During this same conversation, Haemon argues that the people of Thebes themselves do not like the order for Antigone to die. King Creon quickly refutes that “[he is] king, and responsible only to [himself. ]” King Creon believes that he only needs to worry about himself. This shows that King Creon did not realize his full responsibility as king, both to his family and his people. King Creon was too prideful, and did not realize that he must honor the dead, and that he cannot kill his own family for doing it for him.
In Khaled Hosseini’s The Kite Runner, Amir runs from the rape of Hassan with the belief that this sacrifice of Hassan, will grant him Baba’s affection and respect. In the alley Amir wants to take action, he wants to speak, but says “I didn’t, I just watched, paralyzed”(78). He finds himself conflicted between “looking at the blue kite resting against the wall, close to the cast-iron stove; and the other, Hassan’s brown corduroy pants thrown on the heap of eroded bricks”(81). He see’s the vulnerability in Hassan’s face and the “resignation in it,” and he know’s that Hassan has assumed it as his faith(81). Amir also finds in Hassan’s face the look of an animal, that sees “that its imminent demise is for a higher purpose”(82).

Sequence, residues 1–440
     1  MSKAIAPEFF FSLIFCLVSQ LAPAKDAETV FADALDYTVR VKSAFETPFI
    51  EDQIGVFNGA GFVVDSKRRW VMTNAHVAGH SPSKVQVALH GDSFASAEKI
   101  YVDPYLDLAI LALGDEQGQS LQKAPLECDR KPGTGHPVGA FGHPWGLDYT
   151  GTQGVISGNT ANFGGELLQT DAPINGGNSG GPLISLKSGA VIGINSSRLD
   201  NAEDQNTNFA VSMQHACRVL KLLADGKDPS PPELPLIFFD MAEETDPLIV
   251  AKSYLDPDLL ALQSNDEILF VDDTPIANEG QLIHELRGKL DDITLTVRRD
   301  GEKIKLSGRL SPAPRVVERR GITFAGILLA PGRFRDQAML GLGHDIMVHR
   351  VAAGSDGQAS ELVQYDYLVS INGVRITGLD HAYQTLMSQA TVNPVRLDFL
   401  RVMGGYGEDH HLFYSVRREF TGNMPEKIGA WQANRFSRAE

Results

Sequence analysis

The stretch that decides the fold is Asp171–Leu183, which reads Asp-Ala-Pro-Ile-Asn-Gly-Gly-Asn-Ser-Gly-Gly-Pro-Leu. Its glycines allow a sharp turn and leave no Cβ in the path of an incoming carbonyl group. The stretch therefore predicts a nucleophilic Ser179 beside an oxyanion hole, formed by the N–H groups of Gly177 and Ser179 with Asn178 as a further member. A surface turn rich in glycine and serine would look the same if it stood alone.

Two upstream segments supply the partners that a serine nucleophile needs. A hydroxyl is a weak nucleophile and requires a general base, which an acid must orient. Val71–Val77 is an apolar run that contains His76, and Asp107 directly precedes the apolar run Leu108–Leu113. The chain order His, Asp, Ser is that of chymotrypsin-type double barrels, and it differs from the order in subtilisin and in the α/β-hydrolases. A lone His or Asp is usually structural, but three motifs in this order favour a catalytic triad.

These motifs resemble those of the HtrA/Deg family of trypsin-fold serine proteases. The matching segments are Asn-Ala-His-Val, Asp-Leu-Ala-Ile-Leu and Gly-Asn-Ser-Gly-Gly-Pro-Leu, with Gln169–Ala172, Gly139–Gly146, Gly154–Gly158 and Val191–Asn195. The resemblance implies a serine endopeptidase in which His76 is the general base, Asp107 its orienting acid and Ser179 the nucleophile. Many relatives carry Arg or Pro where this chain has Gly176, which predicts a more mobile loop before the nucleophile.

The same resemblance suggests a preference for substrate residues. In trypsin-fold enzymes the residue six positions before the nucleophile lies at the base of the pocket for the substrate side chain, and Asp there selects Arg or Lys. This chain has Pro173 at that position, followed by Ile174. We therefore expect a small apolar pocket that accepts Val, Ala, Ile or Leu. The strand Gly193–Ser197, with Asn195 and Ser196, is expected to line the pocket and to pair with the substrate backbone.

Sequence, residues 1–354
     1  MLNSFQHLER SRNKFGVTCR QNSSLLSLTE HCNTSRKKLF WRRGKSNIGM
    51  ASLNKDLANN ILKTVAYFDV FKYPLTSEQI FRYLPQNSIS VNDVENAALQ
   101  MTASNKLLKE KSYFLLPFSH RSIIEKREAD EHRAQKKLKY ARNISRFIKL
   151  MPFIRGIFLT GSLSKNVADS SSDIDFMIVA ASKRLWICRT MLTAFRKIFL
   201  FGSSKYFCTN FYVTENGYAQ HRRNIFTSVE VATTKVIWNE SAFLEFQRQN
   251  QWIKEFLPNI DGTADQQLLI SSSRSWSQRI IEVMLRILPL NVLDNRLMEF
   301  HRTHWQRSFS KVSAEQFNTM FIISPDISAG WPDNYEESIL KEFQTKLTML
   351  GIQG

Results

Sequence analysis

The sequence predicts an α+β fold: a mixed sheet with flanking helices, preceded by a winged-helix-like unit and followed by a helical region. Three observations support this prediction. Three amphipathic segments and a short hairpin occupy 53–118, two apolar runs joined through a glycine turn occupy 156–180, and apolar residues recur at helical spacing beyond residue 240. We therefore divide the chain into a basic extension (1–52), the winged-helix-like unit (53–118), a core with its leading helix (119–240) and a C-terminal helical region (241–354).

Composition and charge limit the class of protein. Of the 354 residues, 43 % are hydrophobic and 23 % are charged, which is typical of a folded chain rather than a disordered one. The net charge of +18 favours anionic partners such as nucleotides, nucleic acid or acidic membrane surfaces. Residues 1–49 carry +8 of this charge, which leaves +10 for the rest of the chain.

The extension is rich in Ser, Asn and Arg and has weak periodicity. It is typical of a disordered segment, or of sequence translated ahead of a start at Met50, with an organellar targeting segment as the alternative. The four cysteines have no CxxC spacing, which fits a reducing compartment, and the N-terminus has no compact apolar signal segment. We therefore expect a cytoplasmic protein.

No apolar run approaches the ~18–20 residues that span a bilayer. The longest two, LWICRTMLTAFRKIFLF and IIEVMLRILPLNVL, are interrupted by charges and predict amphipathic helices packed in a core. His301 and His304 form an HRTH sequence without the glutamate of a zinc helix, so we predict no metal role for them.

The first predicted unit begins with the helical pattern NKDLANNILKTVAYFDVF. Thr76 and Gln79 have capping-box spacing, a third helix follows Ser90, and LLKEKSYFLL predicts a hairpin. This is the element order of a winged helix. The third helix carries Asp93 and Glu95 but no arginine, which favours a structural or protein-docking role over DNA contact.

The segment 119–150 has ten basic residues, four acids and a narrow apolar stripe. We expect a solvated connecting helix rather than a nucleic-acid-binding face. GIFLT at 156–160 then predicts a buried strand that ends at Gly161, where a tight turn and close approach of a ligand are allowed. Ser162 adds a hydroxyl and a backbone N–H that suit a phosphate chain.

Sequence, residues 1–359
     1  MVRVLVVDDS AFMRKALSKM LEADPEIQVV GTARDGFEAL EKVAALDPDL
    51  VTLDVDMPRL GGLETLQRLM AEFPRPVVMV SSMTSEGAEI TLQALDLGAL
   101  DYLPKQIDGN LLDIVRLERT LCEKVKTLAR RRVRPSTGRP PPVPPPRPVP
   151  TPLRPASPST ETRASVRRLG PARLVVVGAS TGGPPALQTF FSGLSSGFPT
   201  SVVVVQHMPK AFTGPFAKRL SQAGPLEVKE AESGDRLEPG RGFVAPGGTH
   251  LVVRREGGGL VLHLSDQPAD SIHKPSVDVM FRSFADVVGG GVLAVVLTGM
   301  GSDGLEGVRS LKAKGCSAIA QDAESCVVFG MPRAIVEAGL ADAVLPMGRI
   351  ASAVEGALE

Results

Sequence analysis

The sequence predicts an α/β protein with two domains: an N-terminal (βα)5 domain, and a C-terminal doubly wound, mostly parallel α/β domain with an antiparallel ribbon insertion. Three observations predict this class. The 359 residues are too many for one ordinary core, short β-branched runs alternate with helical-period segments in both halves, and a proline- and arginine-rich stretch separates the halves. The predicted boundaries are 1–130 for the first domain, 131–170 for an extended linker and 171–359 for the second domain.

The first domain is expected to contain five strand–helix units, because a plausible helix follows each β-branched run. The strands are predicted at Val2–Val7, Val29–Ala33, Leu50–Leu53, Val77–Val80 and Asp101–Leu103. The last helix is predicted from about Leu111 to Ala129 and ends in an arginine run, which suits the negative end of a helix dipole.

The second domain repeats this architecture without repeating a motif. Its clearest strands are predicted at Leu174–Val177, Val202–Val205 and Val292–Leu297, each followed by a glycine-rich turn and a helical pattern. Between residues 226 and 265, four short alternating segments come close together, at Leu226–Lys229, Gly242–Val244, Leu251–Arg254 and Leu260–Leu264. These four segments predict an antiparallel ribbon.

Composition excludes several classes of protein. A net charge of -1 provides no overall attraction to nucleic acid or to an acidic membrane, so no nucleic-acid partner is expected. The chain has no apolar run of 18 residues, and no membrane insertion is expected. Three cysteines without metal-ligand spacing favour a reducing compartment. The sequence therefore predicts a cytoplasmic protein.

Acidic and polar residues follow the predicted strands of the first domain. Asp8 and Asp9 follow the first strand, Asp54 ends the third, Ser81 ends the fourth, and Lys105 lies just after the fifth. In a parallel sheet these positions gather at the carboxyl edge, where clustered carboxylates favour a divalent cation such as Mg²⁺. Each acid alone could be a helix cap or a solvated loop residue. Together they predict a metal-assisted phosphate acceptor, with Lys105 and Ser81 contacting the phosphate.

The topics of guilt and friendships alone define the similarities and differences between Amir and Baba. Amir tried to make his father proud, but no matter what he did, it never seemed to work. He would listen to Baba about all of his rants, one of them being about sins. Baba sat Amir on his lap and told him "when you kill a man, you steal a life...when you tell a lie, you steal someone 's right to the truth" (18). Amir knew Baba felt strongly about the sin of theft, but he